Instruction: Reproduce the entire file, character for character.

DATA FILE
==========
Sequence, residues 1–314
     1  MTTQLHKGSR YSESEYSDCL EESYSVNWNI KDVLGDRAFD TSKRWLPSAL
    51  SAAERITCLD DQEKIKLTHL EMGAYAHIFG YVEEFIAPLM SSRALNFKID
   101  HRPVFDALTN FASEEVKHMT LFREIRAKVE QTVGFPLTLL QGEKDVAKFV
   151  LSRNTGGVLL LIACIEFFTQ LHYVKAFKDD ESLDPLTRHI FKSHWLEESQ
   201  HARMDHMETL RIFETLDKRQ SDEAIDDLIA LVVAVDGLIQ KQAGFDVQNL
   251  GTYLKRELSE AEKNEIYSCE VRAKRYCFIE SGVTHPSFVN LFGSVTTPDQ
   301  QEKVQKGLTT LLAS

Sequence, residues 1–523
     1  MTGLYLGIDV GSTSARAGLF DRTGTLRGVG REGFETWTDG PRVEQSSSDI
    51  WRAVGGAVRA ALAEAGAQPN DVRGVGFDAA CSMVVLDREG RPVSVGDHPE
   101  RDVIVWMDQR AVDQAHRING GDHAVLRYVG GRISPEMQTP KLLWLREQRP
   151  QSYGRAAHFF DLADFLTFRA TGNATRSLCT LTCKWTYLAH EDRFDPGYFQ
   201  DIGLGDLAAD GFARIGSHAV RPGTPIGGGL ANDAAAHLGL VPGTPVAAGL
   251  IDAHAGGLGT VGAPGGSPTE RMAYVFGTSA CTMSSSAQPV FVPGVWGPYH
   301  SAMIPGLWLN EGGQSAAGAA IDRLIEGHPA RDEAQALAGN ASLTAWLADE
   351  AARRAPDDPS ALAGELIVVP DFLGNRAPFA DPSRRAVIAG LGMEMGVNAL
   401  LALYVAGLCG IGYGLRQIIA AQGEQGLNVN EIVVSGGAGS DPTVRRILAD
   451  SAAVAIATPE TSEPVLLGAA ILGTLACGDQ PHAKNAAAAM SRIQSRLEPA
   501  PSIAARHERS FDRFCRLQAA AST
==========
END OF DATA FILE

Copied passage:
Sequence, residues 1–314
     1  MTTQLHKGSR YSESEYSDCL EESYSVNWNI KDVLGDRAFD TSKRWLPSAL
    51  SAAERITCLD DQEKIKLTHL EMGAYAHIFG YVEEFIAPLM SSRALNFKID
   101  HRPVFDALTN FASEEVKHMT LFREIRAKVE QTVGFPLTLL QGEKDVAKFV
   151  LSRNTGGVLL LIACIEFFTQ LHYVKAFKDD ESLDPLTRHI FKSHWLEESQ
   201  HARMDHMETL RIFETLDKRQ SDEAIDDLIA LVVAVDGLIQ KQAGFDVQNL
   251  GTYLKRELSE AEKNEIYSCE VRAKRYCFIE SGVTHPSFVN LFGSVTTPDQ
   301  QEKVQKGLTT LLAS

Sequence, residues 1–523
     1  MTGLYLGIDV GSTSARAGLF DRTGTLRGVG REGFETWTDG PRVEQSSSDI
    51  WRAVGGAVRA ALAEAGAQPN DVRGVGFDAA CSMVVLDREG RPVSVGDHPE
   101  RDVIVWMDQR AVDQAHRING GDHAVLRYVG GRISPEMQTP KLLWLREQRP
   151  QSYGRAAHFF DLADFLTFRA TGNATRSLCT LTCKWTYLAH EDRFDPGYFQ
   201  DIGLGDLAAD GFARIGSHAV RPGTPIGGGL ANDAAAHLGL VPGTPVAAGL
   251  IDAHAGGLGT VGAPGGSPTE RMAYVFGTSA CTMSSSAQPV FVPGVWGPYH
   301  SAMIPGLWLN EGGQSAAGAA IDRLIEGHPA RDEAQALAGN ASLTAWLADE
   351  AARRAPDDPS ALAGELIVVP DFLGNRAPFA DPSRRAVIAG LGMEMGVNAL
   401  LALYVAGLCG IGYGLRQIIA AQGEQGLNVN EIVVSGGAGS DPTVRRILAD
   451  SAAVAIATPE TSEPVLLGAA ILGTLACGDQ PHAKNAAAAM SRIQSRLEPA
   501  PSIAARHERS FDRFCRLQAA AST